Fibers formed from recombinant protein W4 consisting of four of the 200-aa repeats of AcSp1 displayed silk-like properties, included fiber size, appearance, and toughness. The W4 fibers were up to 10 centimeters long, and this length was probably limited by the protein size and amount, because we noticed that longer fibers were more easily obtained from larger proteins (e.g. comparing W4 and W2 proteins), larger solution volumes, and higher protein concentrations. The W4 fibers showed a relatively uniform thickness (average diameter of ∼3.4 µm) when observed under microscope. The diameter of these artificial fibers is larger than the reported diameter (∼0.35 µm) of natural spider wrapping silk [25], probably due to the artificial conditions used in this study to form the fibers. The W4 fiber of this study showed a high tensile strength and elasticity, further suggesting a silk-like fiber. The average elasticity (extensibility, averaging 37%) of W4 fiber was nearly half of the reported extensibility (86%) of natural wrapping silk, and the average tensile strength (breaking strength, ∼115 MPa) reached one-sixth of the reported tensile strength (687 MPa) of natural wrapping silk. In comparison to artificial silk-like fibers formed from dragline silk recombinant proteins under different conditions [29], the W4 fiber had a much higher elasticity, although its tensile strength was lower than that of silk-like fibers spun from a native-sized dragline silk protein. Overall, physical properties of the W4 fiber were indicative of a silk-like fiber.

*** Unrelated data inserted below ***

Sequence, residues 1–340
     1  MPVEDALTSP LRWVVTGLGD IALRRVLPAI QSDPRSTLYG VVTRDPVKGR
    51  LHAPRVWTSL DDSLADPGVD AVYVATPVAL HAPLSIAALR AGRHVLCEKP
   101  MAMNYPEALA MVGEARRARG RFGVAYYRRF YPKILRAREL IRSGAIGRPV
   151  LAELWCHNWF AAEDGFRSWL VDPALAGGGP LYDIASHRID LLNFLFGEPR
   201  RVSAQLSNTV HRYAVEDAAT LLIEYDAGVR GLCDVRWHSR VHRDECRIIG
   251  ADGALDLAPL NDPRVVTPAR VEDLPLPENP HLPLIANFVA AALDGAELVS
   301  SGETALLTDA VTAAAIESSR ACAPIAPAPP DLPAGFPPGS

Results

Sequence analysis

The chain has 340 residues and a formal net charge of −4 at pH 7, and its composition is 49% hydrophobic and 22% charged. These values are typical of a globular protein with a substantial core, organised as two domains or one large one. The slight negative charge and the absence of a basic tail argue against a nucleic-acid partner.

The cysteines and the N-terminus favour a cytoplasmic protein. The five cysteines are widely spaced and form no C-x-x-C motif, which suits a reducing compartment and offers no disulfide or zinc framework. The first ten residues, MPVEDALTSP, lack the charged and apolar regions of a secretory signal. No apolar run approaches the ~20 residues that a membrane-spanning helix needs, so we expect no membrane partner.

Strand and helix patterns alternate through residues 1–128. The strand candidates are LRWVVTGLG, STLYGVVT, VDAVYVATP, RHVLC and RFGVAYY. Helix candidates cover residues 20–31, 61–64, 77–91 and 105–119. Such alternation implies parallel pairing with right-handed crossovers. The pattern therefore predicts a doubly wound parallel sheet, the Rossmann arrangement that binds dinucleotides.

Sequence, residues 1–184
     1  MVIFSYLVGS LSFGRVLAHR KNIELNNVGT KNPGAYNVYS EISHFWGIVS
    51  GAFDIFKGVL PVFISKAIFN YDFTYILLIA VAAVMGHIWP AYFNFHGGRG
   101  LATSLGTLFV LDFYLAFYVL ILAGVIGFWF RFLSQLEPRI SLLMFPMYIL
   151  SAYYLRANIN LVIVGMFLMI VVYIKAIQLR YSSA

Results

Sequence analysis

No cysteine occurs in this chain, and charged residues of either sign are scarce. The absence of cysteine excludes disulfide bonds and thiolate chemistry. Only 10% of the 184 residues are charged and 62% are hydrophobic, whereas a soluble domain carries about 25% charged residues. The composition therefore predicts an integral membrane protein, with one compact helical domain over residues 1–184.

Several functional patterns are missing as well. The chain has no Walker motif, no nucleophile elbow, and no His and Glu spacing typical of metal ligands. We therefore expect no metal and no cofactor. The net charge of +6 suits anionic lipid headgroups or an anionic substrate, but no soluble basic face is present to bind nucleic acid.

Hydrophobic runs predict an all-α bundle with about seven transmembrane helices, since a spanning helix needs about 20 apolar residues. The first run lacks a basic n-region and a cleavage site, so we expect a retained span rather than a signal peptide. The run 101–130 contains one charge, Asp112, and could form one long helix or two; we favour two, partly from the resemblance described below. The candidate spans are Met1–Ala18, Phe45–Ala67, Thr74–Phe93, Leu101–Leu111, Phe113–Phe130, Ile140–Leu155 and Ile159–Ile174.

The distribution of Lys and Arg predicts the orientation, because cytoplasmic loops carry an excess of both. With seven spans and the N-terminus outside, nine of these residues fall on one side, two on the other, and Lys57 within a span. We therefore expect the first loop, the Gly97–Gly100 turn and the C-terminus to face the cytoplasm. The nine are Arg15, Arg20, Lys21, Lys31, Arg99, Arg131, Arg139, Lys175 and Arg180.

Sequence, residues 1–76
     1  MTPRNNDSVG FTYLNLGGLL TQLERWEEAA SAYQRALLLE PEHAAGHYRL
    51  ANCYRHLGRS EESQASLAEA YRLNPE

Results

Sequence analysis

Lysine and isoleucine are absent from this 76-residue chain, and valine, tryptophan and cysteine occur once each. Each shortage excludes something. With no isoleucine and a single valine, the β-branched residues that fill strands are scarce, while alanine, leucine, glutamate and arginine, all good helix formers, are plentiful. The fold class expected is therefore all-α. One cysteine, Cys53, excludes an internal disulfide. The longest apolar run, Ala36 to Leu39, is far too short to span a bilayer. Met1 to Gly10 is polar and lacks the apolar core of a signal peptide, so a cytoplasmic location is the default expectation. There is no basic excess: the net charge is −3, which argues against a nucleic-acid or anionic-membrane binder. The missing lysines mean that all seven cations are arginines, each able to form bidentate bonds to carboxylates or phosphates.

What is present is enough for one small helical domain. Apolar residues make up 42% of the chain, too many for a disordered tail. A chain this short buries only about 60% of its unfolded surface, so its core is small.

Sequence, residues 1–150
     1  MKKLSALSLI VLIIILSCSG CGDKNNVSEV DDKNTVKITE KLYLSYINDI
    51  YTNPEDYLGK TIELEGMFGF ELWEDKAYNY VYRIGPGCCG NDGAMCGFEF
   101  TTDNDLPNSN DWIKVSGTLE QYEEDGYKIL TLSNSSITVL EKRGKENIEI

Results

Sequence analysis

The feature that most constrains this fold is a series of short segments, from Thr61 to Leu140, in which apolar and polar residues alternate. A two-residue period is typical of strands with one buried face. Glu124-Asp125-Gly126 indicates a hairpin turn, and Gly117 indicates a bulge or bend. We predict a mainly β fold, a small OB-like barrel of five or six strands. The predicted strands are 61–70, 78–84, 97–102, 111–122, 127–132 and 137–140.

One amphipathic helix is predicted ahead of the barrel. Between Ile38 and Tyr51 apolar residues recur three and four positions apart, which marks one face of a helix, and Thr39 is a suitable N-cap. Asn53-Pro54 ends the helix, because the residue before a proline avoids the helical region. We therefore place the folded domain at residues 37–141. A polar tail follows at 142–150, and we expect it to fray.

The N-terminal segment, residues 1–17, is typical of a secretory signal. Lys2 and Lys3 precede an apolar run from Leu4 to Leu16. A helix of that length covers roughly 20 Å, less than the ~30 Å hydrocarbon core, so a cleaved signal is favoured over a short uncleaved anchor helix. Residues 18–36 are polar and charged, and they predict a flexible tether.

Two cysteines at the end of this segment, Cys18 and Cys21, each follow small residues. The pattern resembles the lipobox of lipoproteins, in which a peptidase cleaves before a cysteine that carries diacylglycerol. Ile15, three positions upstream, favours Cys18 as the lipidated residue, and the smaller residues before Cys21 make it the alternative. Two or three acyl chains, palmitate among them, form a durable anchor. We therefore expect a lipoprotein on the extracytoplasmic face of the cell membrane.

Formation of silk-like fibers from the AcSp1-derived recombinant proteins (W2, W3 and W4) indicated a shear-induced assembly of these proteins and may shed some light on the mechanism of fiber formation. The proteins clearly formed microscopic structures that may or may not reflect intermediate steps toward the formation of silk-like fibers. We observed small spherical structures and small fibrils of various sizes when the protein solution was analyzed under the electron microscope and the light microscope. Under some conditions, small spheres appeared to line up at the trailing end of fibrils, and small fibrils appeared at the trailing end of silk-like fibers. Previously spherical structures and small fibrils have also been observed with other recombinant spider silk proteins [10], [12], [30], however it is rare or unprecedented to observe spheres lining up behind fibrils and fibrils trailing behind silk-like fibers. Our findings suggest, but do not conclusively prove, that the spheres line up to form fibrils, and the fibrils might amalgamate to form silk-like fibers. Our findings therefore appear consistent with the previously proposed “micelle theory” for formation of silkworm silks [31], with the caveat that it is not known whether the spherical structures observed in our study are, strictly speaking, micelles.